Vaccine potency plunge problematic

What accounts for the low antigen level of the Sanofi-Aventis H1N1 vaccine for kids?

The recalled 800,000 doses, in 0.25-mL pre-filled syringes intended for 6- to 35-month olds, have been found to be safe. They're apparently just a little less robust than they ought to be. So says the CDC, which along with the FDA was informed of the spec deviation by the manufacturer after routine QA testing. The four lots passed pre-release testing for purity, potency and safety. So what happened?

Little information is available from the customary public sources on what might have happened. In fact, for the recall of such a high-visibility product--one that includes both "pandemic flu" and "infants" in its description--there is scant information to be found anywhere.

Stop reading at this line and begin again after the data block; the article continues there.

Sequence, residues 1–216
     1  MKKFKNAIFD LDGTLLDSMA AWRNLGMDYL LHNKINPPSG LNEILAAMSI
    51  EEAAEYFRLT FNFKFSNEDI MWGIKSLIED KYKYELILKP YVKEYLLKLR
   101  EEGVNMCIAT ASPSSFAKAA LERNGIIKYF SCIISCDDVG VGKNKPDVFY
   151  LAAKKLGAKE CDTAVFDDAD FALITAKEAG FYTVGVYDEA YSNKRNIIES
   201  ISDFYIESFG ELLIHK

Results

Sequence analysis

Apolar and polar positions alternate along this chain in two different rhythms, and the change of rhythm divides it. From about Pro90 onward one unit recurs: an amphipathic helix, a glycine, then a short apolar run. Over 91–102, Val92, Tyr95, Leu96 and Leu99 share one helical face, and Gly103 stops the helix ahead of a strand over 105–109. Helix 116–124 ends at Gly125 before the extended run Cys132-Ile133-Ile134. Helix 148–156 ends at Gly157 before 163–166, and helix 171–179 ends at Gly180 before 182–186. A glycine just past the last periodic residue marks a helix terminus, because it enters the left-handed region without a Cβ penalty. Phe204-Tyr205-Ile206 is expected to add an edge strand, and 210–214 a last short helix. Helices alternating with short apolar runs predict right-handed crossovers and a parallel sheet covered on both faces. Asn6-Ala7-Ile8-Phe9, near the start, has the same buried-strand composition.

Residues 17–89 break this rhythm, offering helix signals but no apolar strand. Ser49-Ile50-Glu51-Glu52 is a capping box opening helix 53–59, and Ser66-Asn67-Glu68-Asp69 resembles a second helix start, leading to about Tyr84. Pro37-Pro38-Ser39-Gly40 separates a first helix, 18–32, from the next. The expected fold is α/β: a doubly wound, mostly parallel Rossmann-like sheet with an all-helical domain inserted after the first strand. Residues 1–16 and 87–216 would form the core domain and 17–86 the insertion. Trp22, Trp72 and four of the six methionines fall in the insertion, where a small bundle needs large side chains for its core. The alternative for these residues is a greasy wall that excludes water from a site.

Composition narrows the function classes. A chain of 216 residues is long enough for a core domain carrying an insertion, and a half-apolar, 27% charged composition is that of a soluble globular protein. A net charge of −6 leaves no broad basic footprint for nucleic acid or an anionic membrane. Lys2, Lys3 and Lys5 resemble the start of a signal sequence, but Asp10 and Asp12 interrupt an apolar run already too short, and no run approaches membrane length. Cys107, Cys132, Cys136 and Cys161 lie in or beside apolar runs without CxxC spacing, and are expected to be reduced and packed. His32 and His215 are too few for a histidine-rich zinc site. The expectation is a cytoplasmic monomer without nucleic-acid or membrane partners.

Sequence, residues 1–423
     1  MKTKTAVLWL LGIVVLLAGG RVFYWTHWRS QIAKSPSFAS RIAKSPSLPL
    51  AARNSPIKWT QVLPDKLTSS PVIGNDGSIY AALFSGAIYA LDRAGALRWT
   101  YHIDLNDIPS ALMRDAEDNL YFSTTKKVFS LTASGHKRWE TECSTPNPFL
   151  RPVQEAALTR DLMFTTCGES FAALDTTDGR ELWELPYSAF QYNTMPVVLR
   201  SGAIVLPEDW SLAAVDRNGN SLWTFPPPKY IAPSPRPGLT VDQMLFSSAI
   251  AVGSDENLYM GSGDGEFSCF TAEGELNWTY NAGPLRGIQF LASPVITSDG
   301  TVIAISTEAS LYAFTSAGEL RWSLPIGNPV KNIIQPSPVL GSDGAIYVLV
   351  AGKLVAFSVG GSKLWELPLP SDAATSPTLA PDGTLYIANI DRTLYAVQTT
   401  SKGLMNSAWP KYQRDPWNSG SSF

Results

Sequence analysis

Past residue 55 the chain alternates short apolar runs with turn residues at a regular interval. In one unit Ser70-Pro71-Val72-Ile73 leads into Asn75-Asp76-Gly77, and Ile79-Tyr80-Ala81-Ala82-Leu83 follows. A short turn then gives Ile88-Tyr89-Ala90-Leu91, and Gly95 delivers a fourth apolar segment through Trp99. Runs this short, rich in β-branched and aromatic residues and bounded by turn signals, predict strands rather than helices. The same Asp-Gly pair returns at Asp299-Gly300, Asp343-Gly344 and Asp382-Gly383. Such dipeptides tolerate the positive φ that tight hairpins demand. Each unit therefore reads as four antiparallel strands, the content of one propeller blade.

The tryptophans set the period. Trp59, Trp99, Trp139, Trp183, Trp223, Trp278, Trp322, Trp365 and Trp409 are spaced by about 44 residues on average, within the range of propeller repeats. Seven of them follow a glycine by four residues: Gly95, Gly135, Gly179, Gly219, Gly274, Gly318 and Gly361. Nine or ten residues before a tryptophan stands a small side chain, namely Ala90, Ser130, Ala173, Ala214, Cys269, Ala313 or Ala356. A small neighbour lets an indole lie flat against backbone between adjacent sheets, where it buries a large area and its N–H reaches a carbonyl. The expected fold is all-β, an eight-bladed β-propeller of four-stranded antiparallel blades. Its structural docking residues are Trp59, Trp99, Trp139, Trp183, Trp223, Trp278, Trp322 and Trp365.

The CDC site leads in information available. It says that Sanofi is investigating, and that the same vaccine packaged in other dosing forms, such as pre-filled syringes for older children and adults, and multi-dose vials, continue to meet specs.

Whatever the problem is, Sanofi appears confident in its ability to make a fix: The company announced just two days after the recall that it aims to double its vaccine sales by 2013, according to Reuters. And that H1N1 vaccines would boost fourth-quarter sales by $500 million and maintain that pace into 2010.

- see the CDC info
- here's the Reuters report

Suggested Articles

The FDA has slapped the parent of Dollar Tree stores with a warning letter saying some CMOs that made its OTC products were among the world's worst.

GSK expects Shingrix supplies to rise slightly in 2020, but the real "step change" will come in 2024 with a brand-new manufacturing facility.

Continuing its expansion efforts, Japan’s Fujifilm will make a major investment in its U.S. gene therapy operation in Texas.